E3 is in full swing and that means an overload of press events, trailers, interviews and hands-on time with the latest and greatest of upcoming videogames. But I'd like to take a break from all that sound and fury for a moment, if I may, to let you all know that the strategy classic Sid Meier's Civilization V is now available for Linux and SteamOS. (Oh, and it's on sale, too.)
Calling all magnates, tycoons and financiers, Europa Universalis 4 has a business deal for you. Wealth of Nations, the game's second major expansion pack, is now out and offering trade-focused improvements and additions... for a price. For those more frugal in nature, Paradox are also releasing a new update, introducing major changes for owners of the base game.
Long-suffering Linux gamers will get a nice treat later this summer as XCOM: Enemy Unknown will finally make its way to the platform, in a bundle including all add-on content and the Enemy Within expansion. The "new" game is being developed by Feral Interactive, which until now has worked exclusively on games for Apple platforms (including the OS X version of XCOM), as its debut Linux project.
Frankly, I am not the man you want running your country. Over the course of my extended presidency I’ve smuggled rum into a prohibition America, sided with Axis powers during both World Wars, systematically stripped away the rights of my citizens, and assassinated a grandma for opposing my regime. I’m not proud of these things, but I’m glad I felt the need to do them. For all that Tropico 5 adds to the city-building series—and all the ways it doesn’t advance the formula enough—its greatest success is in pushing you towards the murkier aspects of dictatorial rule.
It's been just over two months since Age of Mythology: Extended Edition was cheekily announced by an alpaca hand puppet during an Age of Empires 2: HD Edition developer live stream. Yes, this is how classic games are brought back into the world. AoM: EE goes live on Steam today and brings with it the original's Titan expansion campaign as well as a host of other tweaks and upgrades under the hood.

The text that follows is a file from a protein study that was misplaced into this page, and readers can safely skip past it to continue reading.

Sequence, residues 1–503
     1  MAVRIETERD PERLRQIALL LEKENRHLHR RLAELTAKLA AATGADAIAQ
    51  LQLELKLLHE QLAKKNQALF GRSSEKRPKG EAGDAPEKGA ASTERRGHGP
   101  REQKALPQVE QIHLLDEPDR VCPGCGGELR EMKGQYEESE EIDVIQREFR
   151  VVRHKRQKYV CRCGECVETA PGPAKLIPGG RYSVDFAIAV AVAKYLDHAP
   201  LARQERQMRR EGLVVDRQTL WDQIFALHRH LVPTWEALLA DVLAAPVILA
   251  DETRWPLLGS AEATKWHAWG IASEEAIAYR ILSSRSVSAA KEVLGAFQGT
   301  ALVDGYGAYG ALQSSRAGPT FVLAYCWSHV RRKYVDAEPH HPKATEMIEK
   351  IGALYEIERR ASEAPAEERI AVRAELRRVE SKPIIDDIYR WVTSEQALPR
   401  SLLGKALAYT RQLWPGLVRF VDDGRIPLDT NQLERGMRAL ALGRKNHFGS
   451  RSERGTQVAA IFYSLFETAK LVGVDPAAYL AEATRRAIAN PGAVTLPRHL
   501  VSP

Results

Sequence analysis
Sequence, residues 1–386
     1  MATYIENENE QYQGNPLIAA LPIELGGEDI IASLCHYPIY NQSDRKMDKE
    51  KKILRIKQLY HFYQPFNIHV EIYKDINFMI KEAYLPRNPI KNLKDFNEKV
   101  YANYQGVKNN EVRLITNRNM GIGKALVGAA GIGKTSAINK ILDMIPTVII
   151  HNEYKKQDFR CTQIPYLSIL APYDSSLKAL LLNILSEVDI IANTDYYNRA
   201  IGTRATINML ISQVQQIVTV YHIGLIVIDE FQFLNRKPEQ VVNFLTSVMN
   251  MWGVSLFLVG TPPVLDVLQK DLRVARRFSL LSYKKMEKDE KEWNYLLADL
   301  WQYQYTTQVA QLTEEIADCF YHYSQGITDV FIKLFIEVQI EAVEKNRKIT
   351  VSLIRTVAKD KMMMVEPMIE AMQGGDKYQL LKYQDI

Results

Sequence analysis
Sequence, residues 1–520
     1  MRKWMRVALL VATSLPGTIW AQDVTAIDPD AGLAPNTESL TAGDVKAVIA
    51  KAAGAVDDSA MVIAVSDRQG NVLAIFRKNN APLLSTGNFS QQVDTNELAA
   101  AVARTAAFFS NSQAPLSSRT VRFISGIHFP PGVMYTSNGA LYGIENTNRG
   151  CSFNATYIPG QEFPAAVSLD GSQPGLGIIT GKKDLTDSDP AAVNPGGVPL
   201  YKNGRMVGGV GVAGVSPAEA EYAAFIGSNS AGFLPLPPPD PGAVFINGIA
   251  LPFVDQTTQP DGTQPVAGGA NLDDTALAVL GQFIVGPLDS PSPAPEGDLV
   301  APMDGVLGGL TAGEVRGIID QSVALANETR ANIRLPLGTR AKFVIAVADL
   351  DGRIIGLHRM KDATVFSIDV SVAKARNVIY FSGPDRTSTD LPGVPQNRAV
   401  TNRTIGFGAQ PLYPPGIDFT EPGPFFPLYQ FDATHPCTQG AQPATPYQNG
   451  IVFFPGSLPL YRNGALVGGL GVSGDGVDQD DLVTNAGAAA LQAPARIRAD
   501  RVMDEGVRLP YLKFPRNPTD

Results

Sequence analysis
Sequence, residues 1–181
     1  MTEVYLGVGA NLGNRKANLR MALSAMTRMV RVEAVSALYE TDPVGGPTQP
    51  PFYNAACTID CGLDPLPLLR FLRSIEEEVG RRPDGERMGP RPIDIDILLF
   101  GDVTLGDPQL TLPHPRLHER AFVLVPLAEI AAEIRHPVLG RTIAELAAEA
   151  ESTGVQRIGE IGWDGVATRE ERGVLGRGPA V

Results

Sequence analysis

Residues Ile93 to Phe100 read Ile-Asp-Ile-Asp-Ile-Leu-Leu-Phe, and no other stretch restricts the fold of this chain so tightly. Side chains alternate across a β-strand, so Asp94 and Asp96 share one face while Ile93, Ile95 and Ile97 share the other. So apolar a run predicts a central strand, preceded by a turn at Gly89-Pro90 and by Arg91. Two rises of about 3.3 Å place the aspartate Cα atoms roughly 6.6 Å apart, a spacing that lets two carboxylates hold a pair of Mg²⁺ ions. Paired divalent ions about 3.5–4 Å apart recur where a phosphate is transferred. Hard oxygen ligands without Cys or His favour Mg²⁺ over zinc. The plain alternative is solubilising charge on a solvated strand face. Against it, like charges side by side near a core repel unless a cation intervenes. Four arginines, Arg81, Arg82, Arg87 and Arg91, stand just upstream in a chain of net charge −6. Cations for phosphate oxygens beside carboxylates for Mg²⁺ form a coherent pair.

At the Game Developers Conference in March I previewed Endless Legend, a fantasy 4X strategy game from Amplitude Studios that is now available on Steam Early Access. I wanted to spend more time talking to Amplitude's creative director, Romain de Waubert de Genlis (above right), about the recent resurgence of the 4X genre and the success of his previous game Endless Space. We decided to talk over lunch with another 4X designer, Daniel DiCicco (above left), who is working on a sequel to his indie success StarDrive. Over the course of an hour we discussed different approaches to 4X design, their all-time favorite 4Xs, what they think the genre is missing, and more.
It's a long, meaty conversation about one of the most complex corners of PC gaming. Read on to join us for lunch.
Arcen Games' The Last Federation only came to light in February, and yesterday the grand-strategy-featuring-turn-based-shmup-combat-bits saw release. One day the secret of Arcen's astounding productivity will leak out - my money's on founder Chris Park owning some sort of Time Turner - but before that dread reveal we have plenty of time to wallow in their copious, innovative, if not always entirely successful output. The Last Federation is now available on the official site or on the Steams, along with your standard slight reduction in price and beautifully impenetrable launch trailer. I have no idea what's going on in the next two minutes, but just look at all the tiny lasers and explosions.
Civilization: Beyond Earth interview - everything you need to know about the new factions, aliens, technology and more
Civilization: Beyond Earth has been announced. We're the first in the world outside of Firaxis to play it, and you'll be able to read my hands-on impressions in the next issue of PC Gamer UK. While I was at Firaxis, I had the chance to sit down with the two lead designers, Will Miller and David McDonough for a comprehensive hour-long chat about every aspect of Beyond Earth. Read on for details on Beyond Earth's affinities, its dramatic sci-fi tech research web, orbital gun platforms, alien Siege Worms, new high-concept win conditions and loads, loads more.
Firaxis announced the next stage of Civilization's evolution at PAX today. Civilization: Beyond Earth will take Sid Meier's classic turn-based strategy formula to an alien world for the first time since Alpha Centauri.
FTL: Advanced Edition is free. The goodwill of that gesture to fans, to expand the hit space sim's feature set and narrative possibilities for nothing, is a neat way to get people talking about the game just as it emerges on iPad. For me, FTL has been a go-to game, something I've played every day for as long as I can remember. The additions to the combat feel generous, and certainly justify picking up the game again even if you've logged tens of hours with it previously.
The basic principle of crossing the game's eight sectors is unchanged. One nerdy tweak to the interface I quite like is a heavier use of symbols in dialogue boxes, so you're not always staring at white text on a beige background. But why am I talking about UI and not the new space combat bits, which are clearly the more interesting addition?